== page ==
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Antimicrob Agents Chemother. Jan 2002; 46(1): 1–11.
PMCID: PMC126993

Plasmid-Determined AmpC-Type β-Lactamases

The predominant mechanism for resistance to β-lactam antibiotics in gram-negative bacteria is the synthesis of β-lactamase. To meet this challenge, β-lactams with greater β-lactamase stability, including cephalosporins, carbapenems, and monobactams, were introduced in the 1980s. Resistance appeared initially in organisms such as Enterobacter cloacae, Citrobacter freundii, Serratia marcescens, and Pseudomonas aeruginosa that could, by mutation, overproduce their chromosomal AmpC (also termed class C or group 1) β-lactamase, thus providing resistance to both oxyimino- and 7-α-methoxy-cephalosporins and monobactams (74).

Later, resistance appeared in bacterial species that lack an inducible AmpC enzyme, such as Klebsiella pneumoniae, Escherichia coli, Salmonella spp., and Proteus mirabilis, and this resistance was found to be mediated by plasmids encoding extended-spectrum β-lactamases (ESBLs), which are enzymes that arose by mutations in TEM or SHV β-lactamases of more limited hydrolytic capacity (39, 40, 68). Such resistance included oxyimino-cephalosporins and monobactams but not 7-α-methoxy-cephalosporins and was blocked by clavulanate, sulbactam, or tazobactam, which are inhibitors that are generally ineffective against class C enzymes (49, 75).

With continuing use of 7-α-methoxy-cephalosporins (cefoxitin and cefotetan) and the clinical introduction of β-lactamase inhibitor combinations (clavulanate with amoxicillin or ticarcillin, sulbactam with ampicillin, and tazobactam with piperacillin), plasmids encoding class C β-lactamases appeared (56). Like their counterpart on the chromosome, such enzymes provided a broader spectrum of resistance than ESBLs and were not blocked by commercially available inhibitors.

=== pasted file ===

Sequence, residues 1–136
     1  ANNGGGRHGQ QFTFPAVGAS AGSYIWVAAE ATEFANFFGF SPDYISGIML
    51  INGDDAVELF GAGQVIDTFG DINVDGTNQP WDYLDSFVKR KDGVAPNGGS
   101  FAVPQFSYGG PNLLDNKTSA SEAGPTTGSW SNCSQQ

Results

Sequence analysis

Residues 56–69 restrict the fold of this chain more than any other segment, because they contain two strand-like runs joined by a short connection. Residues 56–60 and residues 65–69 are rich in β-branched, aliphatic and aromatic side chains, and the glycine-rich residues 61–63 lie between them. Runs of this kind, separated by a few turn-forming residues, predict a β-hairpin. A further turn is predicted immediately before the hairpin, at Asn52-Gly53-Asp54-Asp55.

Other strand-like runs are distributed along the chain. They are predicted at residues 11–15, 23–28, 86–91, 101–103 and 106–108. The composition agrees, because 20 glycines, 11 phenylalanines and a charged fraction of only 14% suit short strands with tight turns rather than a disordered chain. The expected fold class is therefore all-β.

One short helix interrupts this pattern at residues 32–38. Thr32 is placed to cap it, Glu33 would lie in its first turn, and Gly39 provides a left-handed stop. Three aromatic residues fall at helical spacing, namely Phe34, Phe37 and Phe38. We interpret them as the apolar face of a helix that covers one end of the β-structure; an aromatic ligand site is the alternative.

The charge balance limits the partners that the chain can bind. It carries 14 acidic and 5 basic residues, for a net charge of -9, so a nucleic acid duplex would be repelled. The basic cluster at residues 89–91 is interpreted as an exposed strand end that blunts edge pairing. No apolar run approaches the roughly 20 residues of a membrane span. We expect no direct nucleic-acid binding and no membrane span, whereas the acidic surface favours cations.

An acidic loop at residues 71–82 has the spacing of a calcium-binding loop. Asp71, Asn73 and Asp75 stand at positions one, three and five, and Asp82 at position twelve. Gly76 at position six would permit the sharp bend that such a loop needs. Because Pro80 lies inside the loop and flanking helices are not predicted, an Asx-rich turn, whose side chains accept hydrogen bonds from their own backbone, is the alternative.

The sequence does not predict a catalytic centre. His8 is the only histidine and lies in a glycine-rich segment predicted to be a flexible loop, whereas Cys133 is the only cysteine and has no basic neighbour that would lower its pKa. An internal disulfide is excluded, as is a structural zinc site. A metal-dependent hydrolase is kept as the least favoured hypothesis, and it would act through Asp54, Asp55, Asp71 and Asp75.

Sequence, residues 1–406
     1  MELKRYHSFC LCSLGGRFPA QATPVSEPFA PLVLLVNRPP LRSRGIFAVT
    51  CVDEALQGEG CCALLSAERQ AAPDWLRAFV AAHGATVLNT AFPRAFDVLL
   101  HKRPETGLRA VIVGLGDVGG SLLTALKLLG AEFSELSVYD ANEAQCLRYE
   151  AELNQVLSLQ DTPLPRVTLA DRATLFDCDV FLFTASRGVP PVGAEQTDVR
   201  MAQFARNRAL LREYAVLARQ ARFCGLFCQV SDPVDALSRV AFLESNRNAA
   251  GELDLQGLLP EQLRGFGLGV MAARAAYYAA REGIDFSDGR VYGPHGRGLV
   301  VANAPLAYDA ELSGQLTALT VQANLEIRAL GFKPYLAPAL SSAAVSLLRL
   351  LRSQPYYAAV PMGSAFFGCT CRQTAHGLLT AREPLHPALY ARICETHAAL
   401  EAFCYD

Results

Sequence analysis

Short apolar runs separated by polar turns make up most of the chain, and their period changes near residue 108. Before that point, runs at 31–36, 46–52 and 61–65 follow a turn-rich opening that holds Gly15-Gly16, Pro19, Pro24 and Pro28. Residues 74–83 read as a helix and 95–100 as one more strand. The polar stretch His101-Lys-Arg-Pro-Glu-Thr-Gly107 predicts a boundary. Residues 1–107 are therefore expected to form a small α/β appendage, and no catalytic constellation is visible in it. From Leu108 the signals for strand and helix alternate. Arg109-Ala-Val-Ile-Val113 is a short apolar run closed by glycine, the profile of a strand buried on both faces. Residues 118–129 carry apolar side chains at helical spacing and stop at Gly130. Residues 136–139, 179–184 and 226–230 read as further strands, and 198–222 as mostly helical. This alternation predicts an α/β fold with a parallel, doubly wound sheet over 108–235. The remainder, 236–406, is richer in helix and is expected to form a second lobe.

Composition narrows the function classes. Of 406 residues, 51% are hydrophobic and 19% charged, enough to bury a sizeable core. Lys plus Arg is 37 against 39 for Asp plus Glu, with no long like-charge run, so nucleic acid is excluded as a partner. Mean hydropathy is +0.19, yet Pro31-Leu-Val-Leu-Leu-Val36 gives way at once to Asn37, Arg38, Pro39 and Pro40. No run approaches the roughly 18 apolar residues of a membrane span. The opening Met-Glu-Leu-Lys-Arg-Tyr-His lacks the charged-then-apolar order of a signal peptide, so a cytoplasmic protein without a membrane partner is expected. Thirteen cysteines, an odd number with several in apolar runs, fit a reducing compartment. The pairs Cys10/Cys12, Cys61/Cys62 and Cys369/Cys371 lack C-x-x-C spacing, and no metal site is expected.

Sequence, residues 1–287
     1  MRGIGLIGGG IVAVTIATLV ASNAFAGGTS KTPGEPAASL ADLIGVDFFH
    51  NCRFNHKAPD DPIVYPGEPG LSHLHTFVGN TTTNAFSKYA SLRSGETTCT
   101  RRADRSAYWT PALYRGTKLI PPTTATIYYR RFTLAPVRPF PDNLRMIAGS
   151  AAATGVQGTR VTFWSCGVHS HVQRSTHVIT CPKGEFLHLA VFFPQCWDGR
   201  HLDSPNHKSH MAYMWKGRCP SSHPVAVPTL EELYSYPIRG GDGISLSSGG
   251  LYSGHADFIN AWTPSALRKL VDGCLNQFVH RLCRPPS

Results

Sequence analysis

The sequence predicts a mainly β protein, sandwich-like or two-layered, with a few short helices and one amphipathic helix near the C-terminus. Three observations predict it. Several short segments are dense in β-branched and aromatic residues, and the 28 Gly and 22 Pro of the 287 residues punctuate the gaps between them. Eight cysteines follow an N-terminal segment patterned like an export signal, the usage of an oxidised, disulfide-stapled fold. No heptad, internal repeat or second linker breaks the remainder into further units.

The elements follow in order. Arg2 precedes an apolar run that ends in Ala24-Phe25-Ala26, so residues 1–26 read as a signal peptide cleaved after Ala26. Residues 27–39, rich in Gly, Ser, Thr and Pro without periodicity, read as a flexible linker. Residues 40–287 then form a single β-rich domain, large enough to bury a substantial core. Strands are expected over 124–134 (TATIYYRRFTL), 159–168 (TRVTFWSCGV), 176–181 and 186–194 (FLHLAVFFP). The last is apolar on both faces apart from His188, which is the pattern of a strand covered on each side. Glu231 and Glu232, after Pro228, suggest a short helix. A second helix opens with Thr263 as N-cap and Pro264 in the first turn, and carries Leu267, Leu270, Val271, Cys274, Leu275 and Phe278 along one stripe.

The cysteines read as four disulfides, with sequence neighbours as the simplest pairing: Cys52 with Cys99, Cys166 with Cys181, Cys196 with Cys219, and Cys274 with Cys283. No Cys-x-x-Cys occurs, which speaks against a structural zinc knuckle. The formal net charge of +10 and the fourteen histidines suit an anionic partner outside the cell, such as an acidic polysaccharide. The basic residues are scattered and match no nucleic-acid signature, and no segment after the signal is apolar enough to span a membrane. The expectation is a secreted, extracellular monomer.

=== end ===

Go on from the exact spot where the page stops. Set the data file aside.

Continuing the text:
Furthermore, in a strain with decreased outer membrane permeability such enzymes can provide resistance to carbapenems as well, as has been observed with clinical isolates of K. pneumoniae during an outbreak in New York (13) and in individual isolates of E. coli in the United Kingdom (78) and of K. pneumoniae in Sweden (17).


AmpC β-lactamases, demonstrated or presumed to be chromosomally mediated, have been described in Acinetobacter spp., Aeromonas spp., Chromobacterium violaceum, C. freundii, Enterobacter spp., E. coli, Hafnia alvei, Lysobacter lactamgenus, Morganella morganii, Ochrobactrum anthropi, Proteus rettgeri, Providencia stuartii, P. aeruginosa, Psychrobacter immobilis, Rhodobacter sphaeroides, S. marcescens, and Yersinia enterocolitica. In many genera, AmpC is inducible via a system involving ampD, ampG, ampR, and intermediates in peptidoglycan recycling (38, 86). The ampC gene of E. coli is normally expressed at a low level, regulated by a growth rate-dependent attenuation mechanism (42) but not by induction, since ampR is missing (35). In Shigella flexneri and Shigella dysenteriae, ampC is included in a large deletion (55). An ampC locus appears on the genetic map of Salmonella (76), but the evidence for its existence was indirect and its presence has not been confirmed in the sequenced genomes of Salmonella enterica serotypes Typhimurium or Paratyphi (57), so that Salmonella is considered to be AmpC (56). A chromosomal ampC gene is also lacking in Klebsiella spp. (57) and P. mirabilis.

In 1976, Bobrowski et al. described a plasmid-mediated β-lactamase indistinguishable from the AmpC enzyme of E. coli in a strain of P. mirabilis (11). Unfortunately, the original plasmid was lost, there was some doubt about the transfer experiments, and molecular studies were not done. In 1982, Levesque et al. reported a plasmid-mediated cephalosporinase in Achromobacter spp. (48). Regrettably, the original strain was lost, the β-lactamase gene was not sequenced, and in retrospect the biochemical properties of the enzyme resembled those of a group 2b broad-spectrum enzyme rather than of a group 1 cephalosporinase. In 1983, Knothe et al. reported the transfer of cefoxitin resistance from S. marcescens to Proteus or Salmonella spp., but resistance segregated on transfer to E. coli and no biochemical or molecular studies were done (44).